Thursday, December 29, 2016

I got a new rod for Christmas

I got a new rod for Christmas, now what?

Tenkara is pretty simple - A stick, a string, a fly.

You got the stick, now you need some string.

The good news, most if not all tenkara rods (or maybe more generically:: fixed-length line rods) are pretty versatile in terms of compatibly with many line types/sizes. You are using a relatively long rod to manipulate a fairly short and manageable length of string.

There are at least a couple areas of consideration when it comes time to choosing which type/size of string to use:

- How a line casts
What type/size/shape of fly do you need to deliver (i.e. is the fly wind resistant ?)
What are the conditions ( it windy, Is the body of water large and open or closed in and bushy, am I going to be fishing close in or do I need to extend my cast as far as possible, how long of line do I need to reach the fish, etc)

- How a line fishes (once the fly has been delivered)
Using a surface or sub surface (damp or deep) fly, dead drift or active presentation, what types of active presentation (swing, dap, twitch, skate, lift, etc)

Ask 10 fixed-length line fishers what line they prefer, you'll get at least 15 different answers. Try several different types and see what works best for how and where you like to fish.

It is the right line if it works for you.

Tuesday, November 1, 2016

Why Tenkara?

I was skimming over a fly fishing forum today, one of the topics was “Why Tenkara?”  The original poster wrote about what he thought some of the advantages were of fishing with a tenkara set up, other replies leaned more toward why someone might want to give fixed length rods a try.

I think fixed length line set ups do provide some anglers with significantly greater success and enjoyment, for others, maybe not so much.  It’s always dangerous to make blanket statements, but having talked to a pretty fair number of people, the folks who typically enjoy tenkara the most tend to fall on either side of the bell curve.  Those folks tend to often be beginner fly fishers, or folks such as myself that have been around the block, maybe a few too many times.

In my mind, the primary advantage of a fixed length line set up is that it reduces complexity.  It’s not necessary to spend time astream wondering if perhaps one should have overloaded/underloaded the rod by a step up/down in line weights, or if a 15 foot leader maybe be just the ticket instead of the 12 footer I’m fishing with now.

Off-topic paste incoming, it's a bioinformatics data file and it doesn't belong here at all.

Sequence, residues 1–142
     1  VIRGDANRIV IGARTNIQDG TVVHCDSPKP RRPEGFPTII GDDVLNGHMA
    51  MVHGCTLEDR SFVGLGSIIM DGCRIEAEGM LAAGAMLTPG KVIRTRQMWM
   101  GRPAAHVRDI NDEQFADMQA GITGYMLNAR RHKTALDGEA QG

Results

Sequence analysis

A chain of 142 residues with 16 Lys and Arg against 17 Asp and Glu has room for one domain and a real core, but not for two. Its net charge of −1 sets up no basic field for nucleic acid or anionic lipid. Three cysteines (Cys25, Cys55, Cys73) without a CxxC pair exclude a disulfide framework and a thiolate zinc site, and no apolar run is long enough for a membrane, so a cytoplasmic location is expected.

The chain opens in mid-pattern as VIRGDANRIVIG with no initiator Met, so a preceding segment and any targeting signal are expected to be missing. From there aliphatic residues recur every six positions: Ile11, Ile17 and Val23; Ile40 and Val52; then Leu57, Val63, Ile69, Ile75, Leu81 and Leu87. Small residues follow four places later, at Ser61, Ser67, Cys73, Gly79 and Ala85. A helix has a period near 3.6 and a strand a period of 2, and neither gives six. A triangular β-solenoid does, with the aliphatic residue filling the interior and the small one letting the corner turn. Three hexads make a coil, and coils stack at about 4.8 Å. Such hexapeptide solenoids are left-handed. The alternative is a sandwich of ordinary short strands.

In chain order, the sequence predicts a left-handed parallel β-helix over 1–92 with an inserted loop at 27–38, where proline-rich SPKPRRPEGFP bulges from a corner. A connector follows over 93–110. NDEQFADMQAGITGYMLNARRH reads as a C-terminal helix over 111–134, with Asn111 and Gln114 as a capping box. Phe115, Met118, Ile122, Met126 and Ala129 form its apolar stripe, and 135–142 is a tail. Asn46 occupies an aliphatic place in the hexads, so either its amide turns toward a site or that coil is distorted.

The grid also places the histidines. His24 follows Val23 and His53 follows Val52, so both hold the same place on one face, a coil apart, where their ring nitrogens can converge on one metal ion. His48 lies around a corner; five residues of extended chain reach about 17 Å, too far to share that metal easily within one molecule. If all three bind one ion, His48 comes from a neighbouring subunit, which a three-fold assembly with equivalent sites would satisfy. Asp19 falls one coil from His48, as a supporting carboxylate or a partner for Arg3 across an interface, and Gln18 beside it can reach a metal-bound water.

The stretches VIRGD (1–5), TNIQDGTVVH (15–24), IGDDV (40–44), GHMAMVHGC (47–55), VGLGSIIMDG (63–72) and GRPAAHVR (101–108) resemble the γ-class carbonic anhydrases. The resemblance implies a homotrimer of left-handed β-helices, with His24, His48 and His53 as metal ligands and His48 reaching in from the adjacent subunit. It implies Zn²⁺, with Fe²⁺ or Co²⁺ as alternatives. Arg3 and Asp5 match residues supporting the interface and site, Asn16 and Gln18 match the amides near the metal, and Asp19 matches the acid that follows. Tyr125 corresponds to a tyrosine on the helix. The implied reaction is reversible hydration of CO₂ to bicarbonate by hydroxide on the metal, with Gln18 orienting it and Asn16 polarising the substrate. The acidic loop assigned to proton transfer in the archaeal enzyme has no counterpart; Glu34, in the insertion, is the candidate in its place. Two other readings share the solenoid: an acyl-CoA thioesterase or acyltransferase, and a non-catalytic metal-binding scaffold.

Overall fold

For beginners, complexity often means confusion, and a fixed length rod eliminates most if not all the confusion regarding line weights, tippet sizes and the like.  The experienced angler on the other hand has been there, done that.  A fixed length line allows him/her to return to simpler times, along the lines of what was old is now again new.

The other big advantage, it forces a discipline to fish a short controlled line.  This often is helpful to all anglers.  Put a reel on a rod, and the natural inclination is to keep sneaking just a few more feet of line out.  The fishing always seems to look more promising on the other side of the river.  Other than some specialized situations, longer lines are more difficult to control once they land on the water.  This of course leads to less precision when it comes to presenting one’s fly.  A well presented fly always out performs a fly presented less than optimally.

Thursday, August 11, 2016

Tenkara line holders

These snell holders work great to store your tenkara lines -

Saturday, July 23, 2016

The Golden Rule

"You’ve picked your fly, read the river, and figured out exactly where to drop that fly. You then make a cast to the spot you've chosen, but here’s the kicker: You might be only halfway there, because presentation is half of the entire game. How your fly looks to trout in the few seconds after it hits the water is as important, if not more important, than all the things you did to choose the pattern, figure out where to put it, and then get it there. At the end of the day, fly fishing is all about presentation. So remember this golden rule: You will never beat a large, wise trout into submission."

The author is absolutely right - Presentation is the name of the game.  However he goes on to say, after you've made a good cast with no results, change your fly.

From my perspective, it makes much more sense to change your presentation.  If dead drift doesn't work, skate it, swing it, twitch it, sink it, dap it.  It makes no sense to me to go to the trouble of changing your fly, then presenting it using exactly the same presentation that didn't work a minute ago.

It seems to me, you can make your fly look like it's alive, or act like it's alive.  Best of all worlds - both.

Sunday, May 22, 2016

What flies do I need

It's hard for a new fisher to get started with what flies they should acquire and fish.  It may be helpful to remember a few simple rules -

1. For the most part, fish aren't all that smart.

2. Fish take flies for at least two reasons -
    a. It looks good to eat
    b. It acts good to eat

Alot of folks focus on 2a.  They tend to carry alot of different fly patterns,  If one fly doesn't work, try another.

Some folks focus on 2b.  They carry very few patterns.  The patterns they carry are very generic, the flies look like alot of things.  They believe it's not so much the pattern you are fishing, it's how you fish it. If one presentation doesn't work, they try another (dead drift, skate, twitch, swing, dapple, float it, sink it etc)

Both schools of though work (primarily because of rule #1)

Friday, April 15, 2016